Thanks. If you have any information you could provide as in scientific studies and specific changes you think I should make please detail them here. Also remember to sign your edits correctly. You didn't do it right, I had to fix it.Wikidudeman (talk) 23:08, 5 June 2007 (UTC)

More Facts

I don't knwo if this is usefull: 11:22, 15 June 2007 (UTC)emilos


Anecdotical evidence suggests that possible side effects of steroid use are the growth of the hearth muscle respective jaw area. Is there any scientifical evidence for that? Has a possible growth of the hearth medical implications? 13:18, 18 June 2007 (UTC)

Some steroids used in excessive doses can cause left ventricular hypertrophy (increased size of the left ventricle) however Anabolic steroids can't increase the size of the jaw. The myth is that HGH can increase jaw size because people with pituitary gland problems have larger jaws usually associated with gigantism, however there's not much evidence even HGH can do that when administered.Wikidudeman (talk) 22:09, 18 June 2007 (UTC)

popular misconceptions

Is it only me or does the section "popular misconceptions" seem to be somewhat biased towards AAS not being harmful?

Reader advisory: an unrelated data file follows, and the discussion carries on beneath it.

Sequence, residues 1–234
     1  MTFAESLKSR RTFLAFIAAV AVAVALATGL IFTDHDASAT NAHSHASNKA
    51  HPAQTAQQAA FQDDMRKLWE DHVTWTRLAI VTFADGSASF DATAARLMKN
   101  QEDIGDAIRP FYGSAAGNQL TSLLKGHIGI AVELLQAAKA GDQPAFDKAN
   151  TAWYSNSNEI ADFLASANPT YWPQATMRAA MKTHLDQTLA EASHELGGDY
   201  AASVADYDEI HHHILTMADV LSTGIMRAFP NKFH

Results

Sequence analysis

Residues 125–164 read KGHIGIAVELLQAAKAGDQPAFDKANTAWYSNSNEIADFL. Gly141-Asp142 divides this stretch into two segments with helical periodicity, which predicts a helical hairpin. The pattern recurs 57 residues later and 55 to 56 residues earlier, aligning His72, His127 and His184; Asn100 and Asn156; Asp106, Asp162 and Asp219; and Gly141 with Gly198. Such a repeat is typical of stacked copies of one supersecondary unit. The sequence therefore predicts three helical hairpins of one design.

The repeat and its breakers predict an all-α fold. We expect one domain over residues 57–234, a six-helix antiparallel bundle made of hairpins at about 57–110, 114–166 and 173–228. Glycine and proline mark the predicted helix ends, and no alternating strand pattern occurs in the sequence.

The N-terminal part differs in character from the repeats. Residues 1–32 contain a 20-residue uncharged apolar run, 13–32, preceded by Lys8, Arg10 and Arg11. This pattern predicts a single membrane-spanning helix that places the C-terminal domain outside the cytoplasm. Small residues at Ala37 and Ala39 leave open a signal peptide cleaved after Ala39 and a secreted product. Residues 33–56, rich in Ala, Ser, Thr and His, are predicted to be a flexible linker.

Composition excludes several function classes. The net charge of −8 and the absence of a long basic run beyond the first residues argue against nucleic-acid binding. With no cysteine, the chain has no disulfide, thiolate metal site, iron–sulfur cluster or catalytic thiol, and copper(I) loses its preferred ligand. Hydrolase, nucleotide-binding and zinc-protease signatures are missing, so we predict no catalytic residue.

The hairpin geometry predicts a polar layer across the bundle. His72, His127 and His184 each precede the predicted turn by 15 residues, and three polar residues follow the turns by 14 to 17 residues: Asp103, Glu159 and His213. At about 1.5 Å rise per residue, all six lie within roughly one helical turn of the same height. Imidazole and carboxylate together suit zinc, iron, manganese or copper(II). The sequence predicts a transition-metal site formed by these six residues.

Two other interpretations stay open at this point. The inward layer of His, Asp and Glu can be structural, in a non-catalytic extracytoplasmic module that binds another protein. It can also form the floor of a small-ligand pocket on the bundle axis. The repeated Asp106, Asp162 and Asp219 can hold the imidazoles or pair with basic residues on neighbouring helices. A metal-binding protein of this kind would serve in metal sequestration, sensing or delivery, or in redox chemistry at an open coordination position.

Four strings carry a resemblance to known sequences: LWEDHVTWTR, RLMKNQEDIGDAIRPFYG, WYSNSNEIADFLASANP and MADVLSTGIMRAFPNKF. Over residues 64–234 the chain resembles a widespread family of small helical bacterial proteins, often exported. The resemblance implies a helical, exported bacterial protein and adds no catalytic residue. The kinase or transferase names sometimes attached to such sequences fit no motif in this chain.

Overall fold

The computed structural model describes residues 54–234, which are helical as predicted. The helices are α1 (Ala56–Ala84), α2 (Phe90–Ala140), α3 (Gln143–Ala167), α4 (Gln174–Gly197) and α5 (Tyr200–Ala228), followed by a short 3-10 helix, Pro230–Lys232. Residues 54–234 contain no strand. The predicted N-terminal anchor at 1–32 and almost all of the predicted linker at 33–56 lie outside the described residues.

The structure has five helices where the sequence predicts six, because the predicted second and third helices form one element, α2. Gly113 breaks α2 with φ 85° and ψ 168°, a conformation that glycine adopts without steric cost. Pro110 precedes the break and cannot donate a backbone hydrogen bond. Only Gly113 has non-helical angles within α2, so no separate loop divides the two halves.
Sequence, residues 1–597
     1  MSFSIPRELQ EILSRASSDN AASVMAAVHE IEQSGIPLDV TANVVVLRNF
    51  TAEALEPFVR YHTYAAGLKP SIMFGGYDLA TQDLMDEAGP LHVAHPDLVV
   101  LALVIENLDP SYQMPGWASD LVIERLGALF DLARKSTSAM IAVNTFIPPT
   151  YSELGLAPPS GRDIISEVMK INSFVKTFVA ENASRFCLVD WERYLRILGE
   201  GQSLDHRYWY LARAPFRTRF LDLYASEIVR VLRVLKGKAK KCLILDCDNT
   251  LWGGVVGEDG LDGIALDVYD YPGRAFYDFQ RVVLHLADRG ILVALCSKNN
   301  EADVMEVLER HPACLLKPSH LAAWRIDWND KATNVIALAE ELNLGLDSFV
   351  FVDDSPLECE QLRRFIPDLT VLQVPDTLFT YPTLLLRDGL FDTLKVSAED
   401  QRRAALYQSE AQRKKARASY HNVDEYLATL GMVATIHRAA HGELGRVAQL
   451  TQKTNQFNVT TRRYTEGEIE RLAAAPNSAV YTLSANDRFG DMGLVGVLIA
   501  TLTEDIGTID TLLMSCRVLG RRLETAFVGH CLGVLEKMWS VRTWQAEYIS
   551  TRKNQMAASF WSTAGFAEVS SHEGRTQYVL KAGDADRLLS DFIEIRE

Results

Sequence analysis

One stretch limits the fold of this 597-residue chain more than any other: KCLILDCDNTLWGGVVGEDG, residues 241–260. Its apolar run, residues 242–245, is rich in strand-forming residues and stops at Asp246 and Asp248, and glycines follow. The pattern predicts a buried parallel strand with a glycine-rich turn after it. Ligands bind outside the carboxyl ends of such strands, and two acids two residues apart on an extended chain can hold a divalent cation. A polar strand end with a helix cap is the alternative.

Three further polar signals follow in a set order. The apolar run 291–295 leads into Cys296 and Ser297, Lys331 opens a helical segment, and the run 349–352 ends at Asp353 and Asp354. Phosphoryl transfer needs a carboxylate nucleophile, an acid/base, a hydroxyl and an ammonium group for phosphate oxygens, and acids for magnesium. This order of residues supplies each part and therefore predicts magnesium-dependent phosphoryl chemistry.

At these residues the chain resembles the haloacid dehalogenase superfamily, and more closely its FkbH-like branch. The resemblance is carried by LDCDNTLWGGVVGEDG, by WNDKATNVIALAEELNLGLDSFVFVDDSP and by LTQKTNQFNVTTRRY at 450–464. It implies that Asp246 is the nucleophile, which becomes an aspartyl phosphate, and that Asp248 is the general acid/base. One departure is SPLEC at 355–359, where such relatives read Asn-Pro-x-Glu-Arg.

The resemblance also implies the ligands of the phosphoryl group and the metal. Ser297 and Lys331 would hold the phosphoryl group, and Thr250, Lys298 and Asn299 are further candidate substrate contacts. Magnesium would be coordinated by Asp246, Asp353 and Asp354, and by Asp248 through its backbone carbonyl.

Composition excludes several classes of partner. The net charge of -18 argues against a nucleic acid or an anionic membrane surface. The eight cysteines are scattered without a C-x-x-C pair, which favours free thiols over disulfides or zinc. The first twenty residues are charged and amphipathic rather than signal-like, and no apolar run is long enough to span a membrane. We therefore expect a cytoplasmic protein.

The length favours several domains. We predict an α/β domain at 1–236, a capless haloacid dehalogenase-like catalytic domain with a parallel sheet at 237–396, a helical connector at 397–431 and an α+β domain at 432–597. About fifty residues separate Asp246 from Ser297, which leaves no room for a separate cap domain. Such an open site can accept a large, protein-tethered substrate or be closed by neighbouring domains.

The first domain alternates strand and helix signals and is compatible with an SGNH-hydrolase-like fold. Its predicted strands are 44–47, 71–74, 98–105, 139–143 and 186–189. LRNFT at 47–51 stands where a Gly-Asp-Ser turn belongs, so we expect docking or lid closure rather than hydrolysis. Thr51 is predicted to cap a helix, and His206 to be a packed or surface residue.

I agree that sensible steroid use for a single cycle or two will most likely NOT produce adverse effects, but in reality, especially in the BB/fitness environment, AAS use is not sensible and people measure "off" time rather than "on" time. Face it, gear works and most people, when subjected to the experience of a test high will eventually put the needle back in the butt

Several hints point at steroids in conjunction with borderline body image dysmorphia (megarexia) being able to induce severe psychological dependency.

Furthermore recent swedish, not published yet, material will show that androgen use is associated with enormously increased risks of committing crime in general, extreme violence and of being convicted with road rage crimes.

At least one longitudinal study displays increased mortality i a 12-year follow up on steroid using finnish bodybuilders and 100's if not 1000's of case reports abounds with steroid related deaths. Those are the victims of insensible use that the writer of of the aforementioned section did not take into consideration.

Steroids can be used safely to a certain degree, but that is not the way they are used in generel. Hence i find the "popular misconceptions" section way off.

(Incognito dk 09:39, 26 June 2007 (UTC))

I think your perception is correct about the section. A large part of the problem with this article is that it attracts editors who feel passionately that AAS are great or they are terrible. The worst of them assume no one else knows what they are talking about, especially if they dont hold exactly the same views, or they see this place as an arena to refight personal issues. The problem of course is compounded for this particular article by the dearth of reliable published information. When do you expect publishing of the "swedish material"? alteripse 10:45, 26 June 2007 (UTC)